This year I stopped being a teacher and instead became a co-learner with my students.
This year I stopped making my students jump through the hoops of content consumption, rote learning, and memorization of facts and instead began constructing learning environments that are conducive to fostering the development of skills my students will use as life long learners.
This year, the walls of my classroom became thin and we connected with others around the world.
This year, in our classroom, school became real-life.
This year my classroom ceased being a classroom and instead became a workshop of thinking, reading and writing.
This year, I let go of the reins, and placed my students education and learning squarely where it belongs: in their own hands.
This year I created my own personal learning environment, and began teaching my students how to do the same.
This year we changed the world — at least a little bit.
School in or school out, the learning goes on
And while school is almost over, my learning is not — because I’m connected. This summer, for vacation, I don’t plan to vacate or take a course that in the end would probably leave me tired and weary. Instead, I plan to spend the summer in artful restoration, through passionate, fun, deep learning. I won’t be listening to someone tell me how to be a better teacher. Those days are over. In reality, that’s not what my students need. And I don’t plan on pursuing my learning through any formal structure.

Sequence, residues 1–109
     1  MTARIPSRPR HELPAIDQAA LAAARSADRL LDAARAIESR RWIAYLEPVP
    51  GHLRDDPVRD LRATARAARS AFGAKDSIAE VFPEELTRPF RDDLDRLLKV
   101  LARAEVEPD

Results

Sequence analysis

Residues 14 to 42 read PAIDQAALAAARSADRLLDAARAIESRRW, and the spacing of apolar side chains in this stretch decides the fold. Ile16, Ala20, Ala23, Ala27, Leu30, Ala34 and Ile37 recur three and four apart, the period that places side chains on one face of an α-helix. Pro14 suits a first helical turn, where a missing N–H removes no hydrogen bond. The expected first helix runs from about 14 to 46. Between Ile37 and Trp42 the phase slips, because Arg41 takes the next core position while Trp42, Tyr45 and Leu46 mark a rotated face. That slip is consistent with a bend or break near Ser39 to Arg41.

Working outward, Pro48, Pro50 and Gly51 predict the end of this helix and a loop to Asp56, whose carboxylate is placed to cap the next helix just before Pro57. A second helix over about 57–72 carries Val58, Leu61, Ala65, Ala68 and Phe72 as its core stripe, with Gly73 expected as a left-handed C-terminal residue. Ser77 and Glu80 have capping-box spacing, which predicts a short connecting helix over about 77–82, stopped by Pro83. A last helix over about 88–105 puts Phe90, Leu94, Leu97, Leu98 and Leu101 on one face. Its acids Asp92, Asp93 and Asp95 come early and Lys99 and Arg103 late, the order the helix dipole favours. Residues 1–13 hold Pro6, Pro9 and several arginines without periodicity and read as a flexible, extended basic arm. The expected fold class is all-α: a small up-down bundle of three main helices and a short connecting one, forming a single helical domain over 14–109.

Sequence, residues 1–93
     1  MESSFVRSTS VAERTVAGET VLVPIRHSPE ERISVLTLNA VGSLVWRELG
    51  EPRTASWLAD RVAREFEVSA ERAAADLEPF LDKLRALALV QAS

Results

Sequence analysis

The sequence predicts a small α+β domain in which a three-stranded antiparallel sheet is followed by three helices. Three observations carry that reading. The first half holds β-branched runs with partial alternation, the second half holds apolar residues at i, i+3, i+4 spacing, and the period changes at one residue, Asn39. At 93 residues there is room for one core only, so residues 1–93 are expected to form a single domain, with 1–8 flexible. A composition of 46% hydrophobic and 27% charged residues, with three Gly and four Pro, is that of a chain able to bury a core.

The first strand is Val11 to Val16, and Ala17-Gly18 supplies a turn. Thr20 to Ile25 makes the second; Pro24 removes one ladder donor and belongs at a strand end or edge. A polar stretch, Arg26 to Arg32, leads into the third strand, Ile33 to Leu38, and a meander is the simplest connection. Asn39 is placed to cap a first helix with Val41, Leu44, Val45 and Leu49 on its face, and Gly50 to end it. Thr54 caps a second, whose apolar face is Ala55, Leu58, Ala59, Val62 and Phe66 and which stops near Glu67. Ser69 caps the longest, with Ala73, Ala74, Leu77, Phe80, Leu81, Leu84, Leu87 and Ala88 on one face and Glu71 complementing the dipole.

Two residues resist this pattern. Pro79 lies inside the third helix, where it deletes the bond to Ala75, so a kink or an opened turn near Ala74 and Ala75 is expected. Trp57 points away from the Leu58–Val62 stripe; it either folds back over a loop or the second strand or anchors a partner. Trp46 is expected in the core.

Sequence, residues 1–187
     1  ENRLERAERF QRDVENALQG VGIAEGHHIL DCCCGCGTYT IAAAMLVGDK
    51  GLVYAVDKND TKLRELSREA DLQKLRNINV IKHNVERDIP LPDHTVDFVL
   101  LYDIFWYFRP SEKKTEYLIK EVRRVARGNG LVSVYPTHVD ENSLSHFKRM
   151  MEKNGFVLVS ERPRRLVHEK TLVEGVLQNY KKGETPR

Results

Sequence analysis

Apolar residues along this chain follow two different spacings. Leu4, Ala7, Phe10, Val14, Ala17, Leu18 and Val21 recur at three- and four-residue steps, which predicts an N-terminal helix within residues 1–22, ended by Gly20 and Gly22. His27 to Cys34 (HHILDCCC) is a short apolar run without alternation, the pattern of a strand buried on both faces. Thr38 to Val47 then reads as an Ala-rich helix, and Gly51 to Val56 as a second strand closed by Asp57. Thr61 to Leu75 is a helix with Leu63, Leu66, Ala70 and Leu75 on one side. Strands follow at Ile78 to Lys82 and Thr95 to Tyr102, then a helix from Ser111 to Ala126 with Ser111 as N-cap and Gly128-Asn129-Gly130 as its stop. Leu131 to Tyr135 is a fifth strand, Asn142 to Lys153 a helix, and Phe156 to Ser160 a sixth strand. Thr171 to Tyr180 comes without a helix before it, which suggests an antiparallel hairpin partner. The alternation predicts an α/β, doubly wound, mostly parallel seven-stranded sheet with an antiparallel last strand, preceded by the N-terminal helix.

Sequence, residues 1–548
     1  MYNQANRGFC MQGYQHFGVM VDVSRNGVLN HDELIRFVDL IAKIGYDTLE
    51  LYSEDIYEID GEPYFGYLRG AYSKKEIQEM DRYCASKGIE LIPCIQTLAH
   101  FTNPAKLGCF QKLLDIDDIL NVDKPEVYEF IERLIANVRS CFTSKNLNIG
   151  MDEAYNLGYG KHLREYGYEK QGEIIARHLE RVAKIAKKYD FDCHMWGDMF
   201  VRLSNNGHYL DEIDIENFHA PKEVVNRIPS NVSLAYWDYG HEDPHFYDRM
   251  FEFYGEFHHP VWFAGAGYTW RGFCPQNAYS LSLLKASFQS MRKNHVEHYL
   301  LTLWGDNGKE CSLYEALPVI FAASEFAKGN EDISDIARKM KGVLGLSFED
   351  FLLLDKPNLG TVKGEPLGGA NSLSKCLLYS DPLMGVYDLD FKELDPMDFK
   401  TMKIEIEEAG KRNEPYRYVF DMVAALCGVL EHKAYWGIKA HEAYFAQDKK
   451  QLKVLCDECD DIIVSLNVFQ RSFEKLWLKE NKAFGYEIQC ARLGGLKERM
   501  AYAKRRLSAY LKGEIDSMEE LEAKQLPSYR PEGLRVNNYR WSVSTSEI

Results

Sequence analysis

I used to think: “Give me a book and I can learn anything.” However, I don’t quite believe that anymore. Don’t get me wrong. I love books, and I have a number of them on my “to read” list this summer. But I plan to pursue learning through the connectivity of the internet.
I’m going to spend part of my summer teaching myself how to refinish furniture. I have a chair I want to reupholster. It’s been sitting quietly for 3 years. I even have a how-to book, but I still haven’t started. Why? It’s hard for me to understand how to reupholster using a book.
During a discussion I had with Dean Shareski, he told me about a person who learned to build cabinets from sources on the internet. Some of the sources he encountered weren’t that helpful, but a lot of the information was of superior value – so much so that he was able to build beautiful cabinets.
This summer I plan to put this to the test. I’m hoping by the end of the summer I’ll have a reupholstered chair. If not, I’ll likely have discovered 50 ways not to reupholster a chair. And when it comes to learning, that can be valuable too.
For me, it’s not about school being in or out. It’s about learning. And if you’re connected, you can learn anytime, about anything.
Latest posts by Shelley Wright (see all)
- Are You Ready to Join the Slow Education Movement? - August 26, 2014
- Academic Teaching Doesn't Prepare Students for Life - November 7, 2013
- Start with Why: The power of student-driven learning - June 21, 2013